Winter is upon us once again bringing not only colder temperatures and snow but many condensation and damp based problems for homeowners.
In order for us to eradicate these problems, we must first establish what causes them in the first place. One consistent problem within a home during the winter period is condensation.
Condensation occurs when moist air comes into contact with a surface of the building fabric which is at a lower temperature.
Air contains water vapor in various quantities. Its capacity to do so is related to its temperature. Warm air holds more moisture than cold air. When the moist air comes into contact with either colder air or a colder surface, the air is unable to retain the same amount of moisture and the water content is then released to form condensation into the air or onto a colder surface.
Condensation is generally visible where it forms on non-porous materials (windows, tiles, plastic ceiling or wall cladding) but it can form on any surface under the right conditions and it may not be noticed until mold growth becomes irrelevant.
The effects of moisture generation are most definitely made worse by insufficient ventilation. Certain areas of a home (such as bathrooms and kitchens) can generate up to a third of a dwellings moisture content. When the moist air then moves to cooler parts of the house, it will condense on any given cold surface.
With the vast improvement of energy conservation methods, buildings have become more airtight and better at retaining moisture and vapor content that is produced by homes inhabitants. This provides ideal conditions for condensation to occur. Ventilation is only effective if it's consistent through the entire building envelope. Condensation is also encouraged by poor air circulation where stale air can not move and forms behind furniture and in cupboard spaces. The first sign of this is often the visual appearance of mold growth.
Mold is a fungi that produces tiny tiny particles called spores. For a person with allergies or breathing difficulties, these tiny spores can trigger asthma, bronchitis and many other respiratory problems. When the spores settle onto a warm moist spot they will begin to germinate. The moisture that is present in a home becomes the perfect breeding ground for the mold to thrive on and grow.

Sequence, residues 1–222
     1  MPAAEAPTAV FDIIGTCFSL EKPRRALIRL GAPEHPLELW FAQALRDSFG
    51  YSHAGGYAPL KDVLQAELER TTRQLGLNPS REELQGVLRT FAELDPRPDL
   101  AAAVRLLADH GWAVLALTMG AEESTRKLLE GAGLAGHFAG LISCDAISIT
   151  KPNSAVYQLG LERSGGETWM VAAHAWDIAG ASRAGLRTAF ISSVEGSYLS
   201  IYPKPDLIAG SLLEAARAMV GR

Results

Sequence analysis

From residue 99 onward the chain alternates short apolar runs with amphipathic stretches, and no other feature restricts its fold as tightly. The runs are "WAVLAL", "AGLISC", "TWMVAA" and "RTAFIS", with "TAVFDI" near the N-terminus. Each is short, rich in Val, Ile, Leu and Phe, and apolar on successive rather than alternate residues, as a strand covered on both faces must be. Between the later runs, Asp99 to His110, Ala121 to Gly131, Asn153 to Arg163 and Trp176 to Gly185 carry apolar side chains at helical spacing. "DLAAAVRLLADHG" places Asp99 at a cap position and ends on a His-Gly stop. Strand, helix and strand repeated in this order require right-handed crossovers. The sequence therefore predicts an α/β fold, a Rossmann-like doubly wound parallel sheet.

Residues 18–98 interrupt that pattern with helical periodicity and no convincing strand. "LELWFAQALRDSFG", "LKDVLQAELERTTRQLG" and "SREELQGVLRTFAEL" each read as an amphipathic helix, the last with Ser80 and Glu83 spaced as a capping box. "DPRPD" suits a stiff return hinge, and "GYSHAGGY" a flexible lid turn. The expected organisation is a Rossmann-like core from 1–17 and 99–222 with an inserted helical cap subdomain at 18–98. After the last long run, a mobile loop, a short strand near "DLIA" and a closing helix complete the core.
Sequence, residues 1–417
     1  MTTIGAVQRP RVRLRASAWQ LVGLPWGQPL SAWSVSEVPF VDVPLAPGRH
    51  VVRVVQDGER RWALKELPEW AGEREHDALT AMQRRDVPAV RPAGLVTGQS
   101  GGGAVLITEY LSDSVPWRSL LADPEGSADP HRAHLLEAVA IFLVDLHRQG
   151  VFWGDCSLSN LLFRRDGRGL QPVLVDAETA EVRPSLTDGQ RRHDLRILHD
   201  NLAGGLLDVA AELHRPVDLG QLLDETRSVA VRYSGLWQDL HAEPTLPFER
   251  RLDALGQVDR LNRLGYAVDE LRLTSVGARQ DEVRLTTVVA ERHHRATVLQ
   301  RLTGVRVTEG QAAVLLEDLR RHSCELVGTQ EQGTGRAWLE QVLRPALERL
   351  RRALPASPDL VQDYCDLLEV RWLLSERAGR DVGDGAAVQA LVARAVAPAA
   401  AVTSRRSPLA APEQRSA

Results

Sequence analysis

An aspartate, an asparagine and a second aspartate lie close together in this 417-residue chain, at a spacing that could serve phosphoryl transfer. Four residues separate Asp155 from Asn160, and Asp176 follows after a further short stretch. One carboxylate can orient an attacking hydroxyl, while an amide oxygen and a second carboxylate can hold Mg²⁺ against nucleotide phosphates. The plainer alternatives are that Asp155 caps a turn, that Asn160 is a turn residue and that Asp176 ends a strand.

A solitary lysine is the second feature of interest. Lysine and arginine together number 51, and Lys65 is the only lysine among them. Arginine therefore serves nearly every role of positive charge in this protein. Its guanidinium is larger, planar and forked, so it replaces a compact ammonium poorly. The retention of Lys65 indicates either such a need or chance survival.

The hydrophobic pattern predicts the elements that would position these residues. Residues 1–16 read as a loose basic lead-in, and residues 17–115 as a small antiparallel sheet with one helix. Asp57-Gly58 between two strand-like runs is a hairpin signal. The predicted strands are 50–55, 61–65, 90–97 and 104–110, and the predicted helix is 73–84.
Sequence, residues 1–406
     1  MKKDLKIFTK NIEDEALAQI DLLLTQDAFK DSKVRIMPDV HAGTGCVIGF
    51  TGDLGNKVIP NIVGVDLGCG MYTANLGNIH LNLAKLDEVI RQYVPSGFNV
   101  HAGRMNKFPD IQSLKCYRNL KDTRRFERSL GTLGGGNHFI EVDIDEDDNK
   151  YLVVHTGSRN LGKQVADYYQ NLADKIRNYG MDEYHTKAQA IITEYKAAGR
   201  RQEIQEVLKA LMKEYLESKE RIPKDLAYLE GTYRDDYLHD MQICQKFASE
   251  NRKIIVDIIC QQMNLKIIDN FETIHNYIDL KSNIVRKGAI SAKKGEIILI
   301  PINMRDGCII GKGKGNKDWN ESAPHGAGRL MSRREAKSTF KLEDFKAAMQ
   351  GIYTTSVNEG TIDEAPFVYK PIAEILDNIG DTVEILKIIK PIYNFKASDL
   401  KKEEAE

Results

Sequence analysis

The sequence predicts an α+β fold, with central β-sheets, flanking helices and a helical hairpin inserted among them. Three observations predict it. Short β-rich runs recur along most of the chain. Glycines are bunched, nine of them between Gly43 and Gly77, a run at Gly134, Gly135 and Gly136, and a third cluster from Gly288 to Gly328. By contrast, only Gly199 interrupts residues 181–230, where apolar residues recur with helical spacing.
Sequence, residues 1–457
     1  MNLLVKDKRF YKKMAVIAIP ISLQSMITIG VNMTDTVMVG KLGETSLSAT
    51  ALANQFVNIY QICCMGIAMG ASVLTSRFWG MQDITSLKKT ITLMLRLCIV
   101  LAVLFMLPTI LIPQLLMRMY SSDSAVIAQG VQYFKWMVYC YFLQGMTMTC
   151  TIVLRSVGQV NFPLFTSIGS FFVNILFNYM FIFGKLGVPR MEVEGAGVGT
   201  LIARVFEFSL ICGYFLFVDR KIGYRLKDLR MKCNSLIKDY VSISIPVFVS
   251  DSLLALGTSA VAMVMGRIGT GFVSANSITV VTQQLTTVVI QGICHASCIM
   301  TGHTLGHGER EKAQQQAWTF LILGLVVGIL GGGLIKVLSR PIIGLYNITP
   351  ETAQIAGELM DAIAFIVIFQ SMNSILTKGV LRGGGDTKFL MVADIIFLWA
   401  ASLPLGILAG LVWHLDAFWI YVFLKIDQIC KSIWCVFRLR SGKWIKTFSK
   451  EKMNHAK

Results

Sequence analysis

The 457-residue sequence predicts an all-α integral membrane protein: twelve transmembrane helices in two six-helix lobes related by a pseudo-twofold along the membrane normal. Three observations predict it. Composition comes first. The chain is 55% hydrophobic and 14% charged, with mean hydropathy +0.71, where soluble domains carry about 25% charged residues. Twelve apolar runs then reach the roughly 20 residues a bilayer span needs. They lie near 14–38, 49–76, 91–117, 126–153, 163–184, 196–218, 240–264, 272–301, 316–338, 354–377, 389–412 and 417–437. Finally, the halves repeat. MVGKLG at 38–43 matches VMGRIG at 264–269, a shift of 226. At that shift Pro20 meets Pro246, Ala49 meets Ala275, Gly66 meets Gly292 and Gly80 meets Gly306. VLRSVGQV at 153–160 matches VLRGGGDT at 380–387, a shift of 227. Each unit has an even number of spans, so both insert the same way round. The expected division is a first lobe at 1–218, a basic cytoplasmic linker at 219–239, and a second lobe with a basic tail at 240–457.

If left unattended mould will continue to spread, damaging both the integrity of the homes building fabric and its occupant's health. Mold requires relative humidity levels from between 65% to 99% at the surface point at which it grows.
The vast majority of extractor fans stocked within the major UK DIY superstores will only operate on either a direct switched input or will have a maximum thirty minute timer overrun facility. If a fan were to run through its specified thirty minute overrun facility the RH% levels within a bathroom area would still remain at a high level suitable for sustained mold growth.
Those without ventilation altogether will simply choose not to leave the window of a wet room open during the colder months. Inhabitants of a home with an extractor fan installed will also very rarely leave the fan switched on for the required time frames to remove the relevant vapor content from within these wet areas.
Three solutions in which an occupant can eradicate this problem are;
1. Calculate the size of your room and the number of air-changes per hour required to achieve adequate airflow extraction rates. Select an extractor fan capable of moving the calculated air content.
2.Select a humidistat controlled extractor fan which will continue to operate until the vapor content from within the room's atmosphere has returned to present safe RH% levels to minimize mould growth.
3.Select an extractor fan that has background ventilation and continuously extracts vapor content from within a room's atmosphere 24/7.
The two most popular rooms to be renovated by homeowners are both the kitchen and the bathroom areas. They're also the two that inhabants will generate the most moisture from.
Financially these rooms are also the most expensive to remodel, so if you're thinking about renovating you may want to think about doing a little bit groundwork to ensure you get your ventilation requirements right first time.
Stopping mold from growing is not only necessary for you to ensure a clean home it is also of paramount importance to ensure its occupant's health.